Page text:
Science Says: Drink Your Coffee

<a href="http://www.shutterstock.com/cat.mhtml?lang=en&language=en&ref_site=photo&search_source=search_form&version=llv1&anyorall=all&safesearch=1&use_local_boost=1&autocomplete_id=&searchterm=coffee&show_color_wheel=1&orient=&commercial_ok=&media_type=images&search_cat=&searchtermx=&photographer_name=&people_gender=&people_age=&people_ethnicity=&people_number=&color=&page=1&inline=261247157">Africa Studio</a>/Shutterstock

Fight disinformation: Sign up for the free Mother Jones Daily newsletter and follow the news that matters.


Coffee is one of the pleasures of existence. It’s also really good for us, an ever-expanding body of research suggests. The latest: an analysis of three large population studies by a team of researchers from the Harvard T.H. Chan School of Public Health. They concluded that regular consumption of between one and five cups a day is associated with significantly lower risk of dying from cardiovascular disease, type 2 diabetes, and brain disorders like Parkinson’s. (For those who drink more than five cups per day, the association unravels.) 

Interestingly, the benefits are roughly the same for regular and decaf coffee—suggesting that something in the beloved beverage besides caffeine is the trigger. “Bioactive compounds in coffee reduce insulin resistance and systematic inflammation,” the study’s lead author, Ming Ding, said in a press release. The authors make clear that their results are consistent with “numerous” previous studies.

Now that coffee’s health-giving value is well established, we should probably think harder about an alwaysvexing problem: how to ensure that the people who tend and harvest this tropical crop get their fair share of the profits generated from it.

Fact:

In-depth journalism that investigates the powerful takes real money and is so damn important right now.But it doesn’t take a Mother Jones investigation to know that billionaires and corporations will never fund the type of reporting (like they do politicians) we do that exists to help bring about change. Instead, our mission-driven journalism is made possible by people power, and has been for 46 years now since our founding as a non-profit.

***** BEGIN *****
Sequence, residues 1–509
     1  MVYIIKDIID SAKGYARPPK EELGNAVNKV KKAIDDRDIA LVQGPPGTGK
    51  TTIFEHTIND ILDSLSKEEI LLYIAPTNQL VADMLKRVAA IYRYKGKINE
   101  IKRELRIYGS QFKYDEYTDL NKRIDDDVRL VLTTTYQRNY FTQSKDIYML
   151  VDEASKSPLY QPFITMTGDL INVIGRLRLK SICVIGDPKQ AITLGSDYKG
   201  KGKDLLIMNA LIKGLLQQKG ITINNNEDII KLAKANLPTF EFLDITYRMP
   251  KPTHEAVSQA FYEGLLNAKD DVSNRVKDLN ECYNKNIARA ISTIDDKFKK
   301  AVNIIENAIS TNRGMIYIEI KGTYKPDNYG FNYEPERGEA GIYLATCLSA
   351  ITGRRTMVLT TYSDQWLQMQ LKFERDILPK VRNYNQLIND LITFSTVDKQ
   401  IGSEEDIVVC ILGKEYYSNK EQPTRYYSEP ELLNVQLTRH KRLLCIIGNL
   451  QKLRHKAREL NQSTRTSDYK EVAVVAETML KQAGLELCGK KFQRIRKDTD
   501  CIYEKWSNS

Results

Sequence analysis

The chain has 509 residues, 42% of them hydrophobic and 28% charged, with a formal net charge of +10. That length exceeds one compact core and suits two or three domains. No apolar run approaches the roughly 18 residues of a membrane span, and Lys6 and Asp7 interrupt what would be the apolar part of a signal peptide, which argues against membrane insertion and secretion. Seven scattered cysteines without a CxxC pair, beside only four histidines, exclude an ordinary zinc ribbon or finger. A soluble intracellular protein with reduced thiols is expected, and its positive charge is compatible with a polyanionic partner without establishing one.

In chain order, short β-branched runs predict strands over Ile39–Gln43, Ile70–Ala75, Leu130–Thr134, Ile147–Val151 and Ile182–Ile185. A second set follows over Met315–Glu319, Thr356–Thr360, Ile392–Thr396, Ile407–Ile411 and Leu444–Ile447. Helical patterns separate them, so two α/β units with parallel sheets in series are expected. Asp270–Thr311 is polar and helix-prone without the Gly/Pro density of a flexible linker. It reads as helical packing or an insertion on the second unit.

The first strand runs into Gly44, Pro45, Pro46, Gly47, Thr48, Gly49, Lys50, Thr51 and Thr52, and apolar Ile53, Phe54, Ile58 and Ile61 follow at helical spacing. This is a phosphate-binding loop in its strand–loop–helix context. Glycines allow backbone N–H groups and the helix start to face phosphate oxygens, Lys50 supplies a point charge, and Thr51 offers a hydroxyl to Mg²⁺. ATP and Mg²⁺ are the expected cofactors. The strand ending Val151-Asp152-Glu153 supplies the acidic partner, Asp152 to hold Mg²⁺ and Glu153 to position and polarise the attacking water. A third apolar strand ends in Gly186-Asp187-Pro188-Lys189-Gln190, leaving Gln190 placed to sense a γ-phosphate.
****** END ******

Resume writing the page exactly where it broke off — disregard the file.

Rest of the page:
In “TITLE TK” Monica Bauerlein writes about the perilous moment we’re in, and why it’s so important that we raise $325,000 by the time November’s midterms are decided so we can be ready to throw everything we have at the big issues facing the nation no matter what happens. Please help MoJo’s people-powered journalism with a donation today.

$400,000 to go!

payment methods

Fact:

In-depth journalism that investigates the powerful takes real money and is so damn important right now.But it doesn’t take a Mother Jones investigation to know that billionaires and corporations will never fund the type of reporting (like they do politicians) we do that exists to help bring about change. Instead, our mission-driven journalism is made possible by people power, and has been for 46 years now since our founding as a non-profit.

In “TITLE TK” Monica Bauerlein writes about the perilous moment we’re in, and why it’s so important that we raise $325,000 by the time November’s midterms are decided so we can be ready to throw everything we have at the big issues facing the nation no matter what happens. Please help MoJo’s people-powered journalism with a donation today.

$400,000 to go!

payment methods

We Recommend

Latest

Sign up for our free newsletter

Subscribe to the Mother Jones Daily to have our top stories delivered directly to your inbox.

Get our award-winning magazine

Save big on a full year of investigations, ideas, and insights.

Subscribe

Support our journalism

Help Mother Jones' reporters dig deep with a tax-deductible donation.

Donate